The Department of Environmental Planning and Protection (DEPP) does not have an individual assigned to the physical oversight of Bahamas Petroleum Company’s (BPC) test well works, however, it will be making spot checks and inspections during the drilling process, DEPP Director Rochelle Newbold told Guardian Business, adding that anyone interested in viewing the documents associated with BPC’s project can find them on the DEPP’s website, with additional information at its office.
With environmental activists threatening legal action to stop BPC’s drilling process, claiming that the company’s environmental impact assessment process has not been completed, given that it had to make amendments when it changed the ship it intends to use for drilling, Newbold said all information is readily available to anyone.
She added that government agencies – especially where the environment is concerned – have made sure the protection of the environment during the drilling for petroleum is as robust as possible.
She said while DEPP does not have someone on staff who has the technical know-how to be stationed on the drillship when it arrives, the government has contracted international environmental consultants Black and Veatch to monitor the processes on behalf of the country.
“While we will be making spot checks and inspections relative to the work going on at the rig, there will be an individual who is qualified and experienced to understand and know whether or not the operators of the rig are operating within international standards,” said Newbold.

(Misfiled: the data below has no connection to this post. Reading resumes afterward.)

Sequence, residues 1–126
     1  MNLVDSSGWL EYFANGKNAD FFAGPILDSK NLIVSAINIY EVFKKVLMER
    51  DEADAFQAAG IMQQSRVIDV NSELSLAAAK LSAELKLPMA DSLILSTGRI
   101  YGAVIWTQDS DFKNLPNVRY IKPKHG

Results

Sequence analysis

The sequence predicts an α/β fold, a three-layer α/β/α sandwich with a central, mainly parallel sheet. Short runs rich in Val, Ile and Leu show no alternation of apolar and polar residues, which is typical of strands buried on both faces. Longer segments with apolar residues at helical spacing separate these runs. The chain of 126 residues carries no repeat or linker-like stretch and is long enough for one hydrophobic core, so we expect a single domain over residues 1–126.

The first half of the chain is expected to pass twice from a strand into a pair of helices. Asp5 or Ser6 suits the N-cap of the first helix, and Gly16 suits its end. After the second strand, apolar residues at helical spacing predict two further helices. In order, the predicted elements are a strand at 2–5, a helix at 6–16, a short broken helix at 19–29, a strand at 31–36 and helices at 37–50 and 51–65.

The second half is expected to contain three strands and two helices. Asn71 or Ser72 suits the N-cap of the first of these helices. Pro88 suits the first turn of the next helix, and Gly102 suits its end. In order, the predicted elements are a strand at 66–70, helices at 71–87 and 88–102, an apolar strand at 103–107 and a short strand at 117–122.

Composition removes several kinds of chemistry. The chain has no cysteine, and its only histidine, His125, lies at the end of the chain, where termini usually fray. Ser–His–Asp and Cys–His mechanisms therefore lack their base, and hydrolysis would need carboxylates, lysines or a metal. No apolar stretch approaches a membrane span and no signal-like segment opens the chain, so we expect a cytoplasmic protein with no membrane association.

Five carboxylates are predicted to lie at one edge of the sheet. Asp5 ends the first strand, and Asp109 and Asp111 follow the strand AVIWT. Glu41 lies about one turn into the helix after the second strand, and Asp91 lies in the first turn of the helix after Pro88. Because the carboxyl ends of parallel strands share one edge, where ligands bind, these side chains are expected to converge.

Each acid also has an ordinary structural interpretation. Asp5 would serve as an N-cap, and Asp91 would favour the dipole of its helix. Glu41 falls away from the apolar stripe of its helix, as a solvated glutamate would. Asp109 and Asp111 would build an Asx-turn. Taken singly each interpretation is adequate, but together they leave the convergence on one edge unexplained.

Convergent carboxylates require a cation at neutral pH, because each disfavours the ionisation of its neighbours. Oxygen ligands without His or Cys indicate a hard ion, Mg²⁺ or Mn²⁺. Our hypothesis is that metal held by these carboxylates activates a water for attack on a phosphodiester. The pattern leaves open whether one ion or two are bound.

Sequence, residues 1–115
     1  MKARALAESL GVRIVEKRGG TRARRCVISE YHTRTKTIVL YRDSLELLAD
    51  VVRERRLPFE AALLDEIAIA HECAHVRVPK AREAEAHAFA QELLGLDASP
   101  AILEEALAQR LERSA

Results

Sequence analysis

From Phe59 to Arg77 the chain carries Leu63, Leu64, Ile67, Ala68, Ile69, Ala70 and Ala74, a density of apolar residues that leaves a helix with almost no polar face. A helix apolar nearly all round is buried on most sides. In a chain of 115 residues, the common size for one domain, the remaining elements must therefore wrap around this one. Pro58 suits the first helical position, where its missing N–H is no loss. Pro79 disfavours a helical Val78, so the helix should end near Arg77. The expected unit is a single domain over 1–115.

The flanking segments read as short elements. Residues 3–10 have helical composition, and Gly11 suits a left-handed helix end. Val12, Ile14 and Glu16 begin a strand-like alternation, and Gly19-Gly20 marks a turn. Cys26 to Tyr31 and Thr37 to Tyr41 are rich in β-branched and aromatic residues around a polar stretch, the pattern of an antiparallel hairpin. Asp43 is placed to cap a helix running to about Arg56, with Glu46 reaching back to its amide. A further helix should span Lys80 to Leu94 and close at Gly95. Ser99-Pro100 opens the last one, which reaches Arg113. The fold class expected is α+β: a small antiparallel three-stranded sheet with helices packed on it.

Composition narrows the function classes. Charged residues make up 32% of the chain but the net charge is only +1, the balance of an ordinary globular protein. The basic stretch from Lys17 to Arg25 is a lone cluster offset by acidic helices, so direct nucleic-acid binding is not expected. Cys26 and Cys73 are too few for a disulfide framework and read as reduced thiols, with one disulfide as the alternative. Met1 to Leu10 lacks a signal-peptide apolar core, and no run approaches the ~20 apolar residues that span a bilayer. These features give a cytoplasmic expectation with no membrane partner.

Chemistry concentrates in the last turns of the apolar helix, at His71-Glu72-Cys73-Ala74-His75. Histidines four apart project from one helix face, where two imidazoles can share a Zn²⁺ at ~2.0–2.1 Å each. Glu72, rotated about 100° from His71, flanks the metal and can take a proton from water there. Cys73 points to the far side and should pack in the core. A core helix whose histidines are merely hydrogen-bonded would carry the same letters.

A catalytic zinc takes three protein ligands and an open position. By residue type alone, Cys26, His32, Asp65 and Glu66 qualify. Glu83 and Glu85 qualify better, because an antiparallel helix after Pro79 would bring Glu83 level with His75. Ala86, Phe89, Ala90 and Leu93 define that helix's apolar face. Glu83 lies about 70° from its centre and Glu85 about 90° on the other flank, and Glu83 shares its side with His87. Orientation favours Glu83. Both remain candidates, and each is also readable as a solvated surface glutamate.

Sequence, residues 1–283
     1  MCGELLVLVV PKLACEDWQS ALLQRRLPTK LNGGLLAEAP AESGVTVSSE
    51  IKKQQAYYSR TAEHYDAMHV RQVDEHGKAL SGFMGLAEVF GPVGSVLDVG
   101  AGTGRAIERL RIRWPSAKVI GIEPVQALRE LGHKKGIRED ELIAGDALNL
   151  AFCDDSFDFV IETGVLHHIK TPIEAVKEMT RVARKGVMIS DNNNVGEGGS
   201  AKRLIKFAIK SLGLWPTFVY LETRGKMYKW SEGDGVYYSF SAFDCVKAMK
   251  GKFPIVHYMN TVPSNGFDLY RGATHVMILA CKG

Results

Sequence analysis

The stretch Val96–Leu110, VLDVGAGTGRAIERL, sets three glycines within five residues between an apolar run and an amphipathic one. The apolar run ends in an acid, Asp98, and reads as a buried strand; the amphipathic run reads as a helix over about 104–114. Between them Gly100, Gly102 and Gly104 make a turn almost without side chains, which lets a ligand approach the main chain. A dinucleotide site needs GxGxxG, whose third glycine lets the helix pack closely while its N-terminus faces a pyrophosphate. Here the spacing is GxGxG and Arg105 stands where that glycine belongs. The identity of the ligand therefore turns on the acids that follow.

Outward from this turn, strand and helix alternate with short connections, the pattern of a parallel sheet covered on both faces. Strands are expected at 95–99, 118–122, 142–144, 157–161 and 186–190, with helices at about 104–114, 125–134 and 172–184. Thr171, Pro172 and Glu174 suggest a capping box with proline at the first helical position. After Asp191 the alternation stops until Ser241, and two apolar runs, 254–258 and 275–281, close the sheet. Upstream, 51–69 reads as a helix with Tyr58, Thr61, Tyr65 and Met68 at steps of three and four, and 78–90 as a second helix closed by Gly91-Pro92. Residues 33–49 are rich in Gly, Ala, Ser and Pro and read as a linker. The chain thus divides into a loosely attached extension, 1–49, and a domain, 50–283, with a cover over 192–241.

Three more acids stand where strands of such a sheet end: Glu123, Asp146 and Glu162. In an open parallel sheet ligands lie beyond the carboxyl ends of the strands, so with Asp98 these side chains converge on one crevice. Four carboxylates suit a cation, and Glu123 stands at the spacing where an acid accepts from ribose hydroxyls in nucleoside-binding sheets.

“They will be there. We will be coming in and doing checks, but there is no value in us sitting there and we don’t know. That’s why we engage people who do know, so that they can provide feedback to the government and take action.”
Newbold said the public is invited to ask questions with regard to BPC’s project and can come in to look through the associated documentation themselves.
“The documentation for the project isn’t easy to go through because, of course, it is a significant undertaking and we want to make sure every ‘i’ is dotted and every ‘t’ is crossed,” she said.
“So there are volumes and volumes of things you’d have to go through in order to get an understanding of what is being presented. What we try to do is put a very concise document that aides the general public in its evaluation.
“There are boxes and boxes, maps upon maps. We want to make sure that when we look at that issue from an environmental perspective, it is something that we can say we have done our due diligence.”
With regard to opposition to the drilling, Newbold said every Bahamian has the right to take the government to task for its decisions. However, the basis for the opposition has to be knowledgeable and informed.